To quickly test the TXV valve, carefully remove the sensing bulb from the evaporator outlet pipe, making sure not to kink or otherwise damage the capillary tube. Prepare a container of crushed ice and water (32ÃÂºF), and another container of hot water (approximately 125ÃÂº or more). Start the engine and run it at 2,000 RPM, and record your pressures with the A/C on. At this point your low side will be high. Immerse the sensing bulb in the container of ice water, and the low side pressure should drop. Immerse the sensing bulb in the container of hot water, and the low side pressure should rise. If the pressures do not change, or change very little, the expansion valve is defective and must be replaced. Alternately, you can blast the TXV control head with hot and cold.
Thanks for the reply. It wasn't easy in the beginning on any of us especially my wife and kids. My boys were 4 and 2 when it all started to happen and I was 32. I am only 47 going on 80 lol.
I thought it was the TXV as well so I replaced that and vacuumed it down for 30 minutes and recharged and I had the same readings. That is what led me to believe that it may be the compresor control valve. I was following the factory manual "tree" and diagnostics. The test seem to point to the control valve. The compressor place said it sounded like it may have to much oil but I don't think it is that as I followed the book and only put a total of 9 oz of Pag 150 oil in the system. It sounds like the compressor is not pumping or a destroke according to the Chevy manual.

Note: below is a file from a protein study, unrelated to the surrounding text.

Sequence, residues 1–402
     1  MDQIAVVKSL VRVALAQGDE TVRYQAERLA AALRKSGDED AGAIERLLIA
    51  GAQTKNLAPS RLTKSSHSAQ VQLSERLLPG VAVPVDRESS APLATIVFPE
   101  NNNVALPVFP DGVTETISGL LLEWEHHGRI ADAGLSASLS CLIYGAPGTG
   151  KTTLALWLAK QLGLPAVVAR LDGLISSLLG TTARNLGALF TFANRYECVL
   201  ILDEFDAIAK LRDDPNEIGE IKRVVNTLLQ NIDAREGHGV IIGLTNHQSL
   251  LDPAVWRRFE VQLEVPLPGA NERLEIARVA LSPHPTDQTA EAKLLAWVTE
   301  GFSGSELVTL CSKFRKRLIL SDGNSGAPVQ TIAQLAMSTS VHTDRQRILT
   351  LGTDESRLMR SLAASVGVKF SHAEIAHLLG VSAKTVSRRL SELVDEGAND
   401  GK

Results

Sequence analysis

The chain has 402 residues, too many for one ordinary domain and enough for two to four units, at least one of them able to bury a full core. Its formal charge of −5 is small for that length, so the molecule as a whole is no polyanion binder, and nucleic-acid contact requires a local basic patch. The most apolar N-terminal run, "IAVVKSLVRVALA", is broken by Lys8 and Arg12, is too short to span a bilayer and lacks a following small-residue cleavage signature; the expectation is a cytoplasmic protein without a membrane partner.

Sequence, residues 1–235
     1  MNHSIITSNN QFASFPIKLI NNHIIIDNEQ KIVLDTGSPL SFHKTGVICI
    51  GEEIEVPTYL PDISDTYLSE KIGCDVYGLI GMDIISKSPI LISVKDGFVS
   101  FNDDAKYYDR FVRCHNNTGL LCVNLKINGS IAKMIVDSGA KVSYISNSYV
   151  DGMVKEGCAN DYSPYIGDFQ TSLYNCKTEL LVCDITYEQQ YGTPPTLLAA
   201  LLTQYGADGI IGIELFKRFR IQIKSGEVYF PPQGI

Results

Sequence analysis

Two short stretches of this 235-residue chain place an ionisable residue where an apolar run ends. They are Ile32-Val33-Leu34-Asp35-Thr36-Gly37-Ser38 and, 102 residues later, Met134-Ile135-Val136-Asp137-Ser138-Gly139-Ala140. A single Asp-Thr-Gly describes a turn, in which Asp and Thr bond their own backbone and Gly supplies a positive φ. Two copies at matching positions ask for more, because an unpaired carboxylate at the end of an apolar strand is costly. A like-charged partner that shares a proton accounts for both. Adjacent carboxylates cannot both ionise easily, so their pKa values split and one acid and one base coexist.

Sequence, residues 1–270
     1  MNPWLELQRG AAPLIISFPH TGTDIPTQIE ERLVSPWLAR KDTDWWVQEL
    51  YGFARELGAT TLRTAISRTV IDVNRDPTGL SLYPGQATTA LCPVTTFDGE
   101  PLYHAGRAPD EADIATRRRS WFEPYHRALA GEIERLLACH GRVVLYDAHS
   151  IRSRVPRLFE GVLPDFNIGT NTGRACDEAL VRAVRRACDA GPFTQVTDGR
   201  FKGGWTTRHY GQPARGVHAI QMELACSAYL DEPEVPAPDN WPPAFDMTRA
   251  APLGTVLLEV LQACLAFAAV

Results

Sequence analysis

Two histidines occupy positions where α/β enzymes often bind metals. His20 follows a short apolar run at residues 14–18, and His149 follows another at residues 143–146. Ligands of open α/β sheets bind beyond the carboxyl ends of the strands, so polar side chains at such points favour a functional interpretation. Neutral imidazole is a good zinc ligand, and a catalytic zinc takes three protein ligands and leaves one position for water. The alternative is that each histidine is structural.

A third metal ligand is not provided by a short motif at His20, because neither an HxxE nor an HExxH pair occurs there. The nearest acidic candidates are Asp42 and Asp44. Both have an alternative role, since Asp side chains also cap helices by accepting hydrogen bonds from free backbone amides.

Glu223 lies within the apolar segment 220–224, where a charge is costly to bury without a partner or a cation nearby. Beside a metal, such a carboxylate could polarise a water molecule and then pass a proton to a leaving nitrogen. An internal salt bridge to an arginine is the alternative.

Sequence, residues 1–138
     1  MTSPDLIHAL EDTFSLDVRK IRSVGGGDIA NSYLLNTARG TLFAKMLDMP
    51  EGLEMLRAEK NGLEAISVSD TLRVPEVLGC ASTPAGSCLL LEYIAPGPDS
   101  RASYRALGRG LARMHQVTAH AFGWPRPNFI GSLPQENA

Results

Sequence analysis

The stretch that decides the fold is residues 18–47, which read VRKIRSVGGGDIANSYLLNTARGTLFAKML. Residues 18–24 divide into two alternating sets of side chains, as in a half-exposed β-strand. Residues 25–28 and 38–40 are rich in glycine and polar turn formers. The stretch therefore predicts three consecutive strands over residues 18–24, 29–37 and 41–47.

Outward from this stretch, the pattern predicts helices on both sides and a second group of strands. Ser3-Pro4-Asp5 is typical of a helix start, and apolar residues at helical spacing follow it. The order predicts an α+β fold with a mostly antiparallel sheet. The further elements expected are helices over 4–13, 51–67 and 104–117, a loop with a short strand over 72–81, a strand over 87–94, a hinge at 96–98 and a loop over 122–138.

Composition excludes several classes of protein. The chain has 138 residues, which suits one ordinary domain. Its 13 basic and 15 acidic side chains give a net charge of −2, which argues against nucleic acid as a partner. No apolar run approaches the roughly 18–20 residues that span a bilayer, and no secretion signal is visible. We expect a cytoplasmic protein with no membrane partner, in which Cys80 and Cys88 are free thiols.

I guess I will wait for the new compressor to get here this week. I guess I have found a new place to order stuff thru! Forums like these really help folks out like me that 1. Don't trust other people to work on my stuff and 2. I really can't afford to take it somewhere to get fixed. My wife loves her 1996 Corsica and won't part with it lol. Usually we have vehicles that are in warranty so I don't have to work on them like our 09 F250. Thanks again for the time and the response. Will let you know once we get the new one on and going.
Thanks for the time
It typically is not necessary to replace the whole compressor for a control valve issue - the control valve can be replaced - unless there are also other issues like the shaft seal and case halves leaking and you really don't want to bother with it anymore.
When you replaced the TXV, did you use an original GM part, or part sourced from the site sponsor? Also, did you make sure the TXV sensing bulb was firmly attached to the evaporator tailpipe, and the tailpipe was squeakly clean then properly insulated? I've seen sensing bulbs just shoved into the black goo and bewilderment why the system doesn't cool.
Also, when you replace the compressor, be sure to flush all the old oil out of the system, and add back the full 9 oz of PAG 150 and 36 oz of R-134a.